We’re going to talk about what a search for strategy is, to start. Of course, it’s all about creating and promoting high-quality content; we’re going to dig right in. We’re going to talk about how the evolution of search marketing has enabled a rethinking of how search fits into our broader marketing plans. Then, we’re going to dig into some key elements and implementation needs of search-first before we get to those key examples that I just talked about a minute ago. And then I’ll send you off with some questions to get you started and some resources to fill up your big brains, which I imagine you have.
So the transition from traditional marketing to digital marketing is obviously very old news, but search-first is what’s really bringing digital to what I think is sort of a post-COVID era landscape.
Obviously, search-first was happening before COVID, but it’s really been driven by the lack of some of those additional traditional things that were still happening before. So a search-first strategy is all about optimizing your brand’s online presence for search engines; content is the fuel. And ultimately, we’re strategizing to drive organic traffic, increase brand visibility, build authority, stay competitive, and generate revenue. And then, of course, making this a full feedback loop ensures that we’re consistently and constantly improving and optimizing to that end goal.
Now, I know everyone here is already prioritizing SEO and SEM, You’re literally here at a conference doing just that, but a search-first strategy takes the next step to foster a more cohesive and effective overall marketing strategy. So by fundamentally prioritizing search channels, you can better understand your target audience, or quickly adapt to their needs and maximize the potential of your online presence Ultimately, it’s more than just prioritizing it. It’s strategically putting it at the beginning.
One key aspect of a search-first strategy is aligning SEO and SEM activities to support and inform each other. So on the left here, we have organic search, and on the right, we have paid search, these are the two pillars that are in our control in a search-first world, where our prospects and our customers rely on the internet to find use, and these are our levers.
So while SEO and SEM each have their own unique features and functions, They also share some similarities, keyword research being a critical one at the beginning of both strategies to ensure that we’re aligned strategically with our target audience’s search intent. And from there, both require constant attention and optimization for continual improvement.
And beyond that, we have some specific tactics that are unique to the two strategies with, you know, in-depth content and link-building needs for SEO. Tactics around bidding, budget management, targeting on the side of SEM.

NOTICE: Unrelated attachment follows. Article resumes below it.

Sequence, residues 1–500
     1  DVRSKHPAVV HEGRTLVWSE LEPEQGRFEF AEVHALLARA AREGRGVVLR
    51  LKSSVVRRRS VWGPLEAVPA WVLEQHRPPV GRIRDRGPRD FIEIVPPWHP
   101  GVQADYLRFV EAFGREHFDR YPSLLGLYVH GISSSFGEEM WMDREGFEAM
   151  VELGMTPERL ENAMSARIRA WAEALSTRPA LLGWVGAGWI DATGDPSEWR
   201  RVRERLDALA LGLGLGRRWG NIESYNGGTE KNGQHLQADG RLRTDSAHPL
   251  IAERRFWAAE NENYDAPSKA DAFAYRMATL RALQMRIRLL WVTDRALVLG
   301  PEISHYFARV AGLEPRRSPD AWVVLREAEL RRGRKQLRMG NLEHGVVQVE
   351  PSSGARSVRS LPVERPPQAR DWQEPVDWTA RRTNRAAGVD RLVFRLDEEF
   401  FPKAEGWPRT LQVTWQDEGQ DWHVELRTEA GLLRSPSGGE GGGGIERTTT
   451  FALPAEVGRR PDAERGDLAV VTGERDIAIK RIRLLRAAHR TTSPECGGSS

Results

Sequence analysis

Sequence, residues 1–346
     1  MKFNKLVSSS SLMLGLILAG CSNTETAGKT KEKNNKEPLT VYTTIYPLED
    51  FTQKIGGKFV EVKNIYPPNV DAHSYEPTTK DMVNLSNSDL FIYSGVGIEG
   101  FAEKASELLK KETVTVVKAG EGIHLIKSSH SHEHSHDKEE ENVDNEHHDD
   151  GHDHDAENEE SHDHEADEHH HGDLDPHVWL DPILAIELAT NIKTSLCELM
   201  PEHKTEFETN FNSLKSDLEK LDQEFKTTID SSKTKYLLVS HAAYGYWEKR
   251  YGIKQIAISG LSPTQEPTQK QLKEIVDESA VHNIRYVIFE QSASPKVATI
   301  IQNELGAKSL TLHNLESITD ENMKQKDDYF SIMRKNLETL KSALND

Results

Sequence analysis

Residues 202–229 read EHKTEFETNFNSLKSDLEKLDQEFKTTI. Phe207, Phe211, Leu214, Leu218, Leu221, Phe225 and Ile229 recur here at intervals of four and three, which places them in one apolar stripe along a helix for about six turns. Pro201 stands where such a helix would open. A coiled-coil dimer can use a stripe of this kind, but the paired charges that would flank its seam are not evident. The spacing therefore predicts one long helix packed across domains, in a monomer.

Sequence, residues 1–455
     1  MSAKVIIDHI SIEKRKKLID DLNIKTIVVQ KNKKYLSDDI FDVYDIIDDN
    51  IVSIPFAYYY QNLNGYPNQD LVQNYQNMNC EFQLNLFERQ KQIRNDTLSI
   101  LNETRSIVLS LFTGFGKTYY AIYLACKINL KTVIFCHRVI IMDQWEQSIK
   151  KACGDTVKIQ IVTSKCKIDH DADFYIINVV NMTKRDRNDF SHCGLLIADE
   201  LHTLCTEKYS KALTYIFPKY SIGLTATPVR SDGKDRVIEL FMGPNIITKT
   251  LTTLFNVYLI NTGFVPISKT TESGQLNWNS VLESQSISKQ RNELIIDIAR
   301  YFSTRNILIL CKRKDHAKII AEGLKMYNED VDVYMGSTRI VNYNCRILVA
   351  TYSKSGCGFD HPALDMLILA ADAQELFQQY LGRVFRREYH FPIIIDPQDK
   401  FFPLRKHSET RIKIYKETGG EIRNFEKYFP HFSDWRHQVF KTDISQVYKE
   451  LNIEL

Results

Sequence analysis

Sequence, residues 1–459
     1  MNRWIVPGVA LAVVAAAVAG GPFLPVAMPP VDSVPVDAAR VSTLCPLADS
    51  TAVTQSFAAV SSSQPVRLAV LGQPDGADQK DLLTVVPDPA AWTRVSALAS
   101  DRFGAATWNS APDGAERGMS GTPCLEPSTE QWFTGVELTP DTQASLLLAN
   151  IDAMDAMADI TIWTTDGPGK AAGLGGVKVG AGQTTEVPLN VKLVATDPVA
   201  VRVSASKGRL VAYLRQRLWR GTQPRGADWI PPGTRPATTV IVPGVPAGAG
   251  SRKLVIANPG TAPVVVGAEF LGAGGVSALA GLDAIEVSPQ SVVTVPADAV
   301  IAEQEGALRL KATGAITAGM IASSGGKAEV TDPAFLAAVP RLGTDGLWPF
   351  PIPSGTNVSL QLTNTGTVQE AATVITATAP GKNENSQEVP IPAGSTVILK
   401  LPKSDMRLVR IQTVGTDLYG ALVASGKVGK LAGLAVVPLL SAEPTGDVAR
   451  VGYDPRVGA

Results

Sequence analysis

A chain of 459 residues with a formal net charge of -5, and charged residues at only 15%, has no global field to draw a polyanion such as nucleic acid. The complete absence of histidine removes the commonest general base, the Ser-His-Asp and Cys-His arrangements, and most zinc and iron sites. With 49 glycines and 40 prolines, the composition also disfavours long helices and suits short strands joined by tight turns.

But while these two strategies do require distinct approaches, they complement each other very well. And their supporting content and optimization needs provide a strategic guiding light in marketing planning to make it easier for potential customers to discover your business and position you for long-term success in the digital marketing landscape and all that good stuff that we really want.
So when we take a look at the evolution of search marketing here, we really see this convergence of SEO and SEM complimenting each other. It’s easy to sometimes get caught up in the trend of the moment, but if we go back to the beginning, this all started several decades ago with SEO and SEM as fully distinct strategies. As search engines improved their algorithms in the mid-2000s, they began to prioritize user intent and the relevance of content. This shift prompted the mighty rise of content marketing, and marketing teams evolved to prioritize robust content planning to align with intent-driven keyword research. But SEO and SEM were still pretty siloed.
And then came social media and mobile search, and people started using multiple devices and platforms, highlighting the need for SEO and SEM to talk together. That unified approach was only validated more by Google introducing RankBrain, an AI-driven algorithm, and E-A-T guidelines, which emphasized the need for content quality, user intent, and the E-A-T factors of expertise, authority, trustworthiness, and now also experience. So now we know that it’s beneficial to have integrated SEO and SEM strategies that really talk to each other to create and optimize content so it will perform well in both organic and paid search results.
So, yes, it’s not always the same, but it must provide a seamless user experience and be good enough to be leveraged and repurposed across other marketing channels too. There’s just no more like a throwaway landing page which we used to see in the past. So by combining the strengths of both SEO and SEM, you can create a comprehensive strategy that addresses all of these aspects. We’re going to dive deeper into these key elements now and how they all work together in support of modern marketing that’s aligned with the needs of search engines.
To start, I want to briefly touch on each of these elements that make up that convergence of SEO and SEM, and we’ll discuss how they contribute to a successful search-first strategy. We’re not really going to discuss the other tactics mentioned at the top and bottom here. But they’re obviously they’re obviously critical to your marketing plan success as our other specific tactics of the rest of your supporting marketing channels.